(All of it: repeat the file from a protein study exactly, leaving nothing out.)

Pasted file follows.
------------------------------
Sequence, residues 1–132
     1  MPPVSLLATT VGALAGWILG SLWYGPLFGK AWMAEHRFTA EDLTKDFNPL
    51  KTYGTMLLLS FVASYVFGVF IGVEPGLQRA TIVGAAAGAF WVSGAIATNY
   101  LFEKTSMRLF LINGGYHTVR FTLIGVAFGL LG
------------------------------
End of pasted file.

Sequence, residues 1–132
     1  MPPVSLLATT VGALAGWILG SLWYGPLFGK AWMAEHRFTA EDLTKDFNPL
    51  KTYGTMLLLS FVASYVFGVF IGVEPGLQRA TIVGAAAGAF WVSGAIATNY
   101  LFEKTSMRLF LINGGYHTVR FTLIGVAFGL LG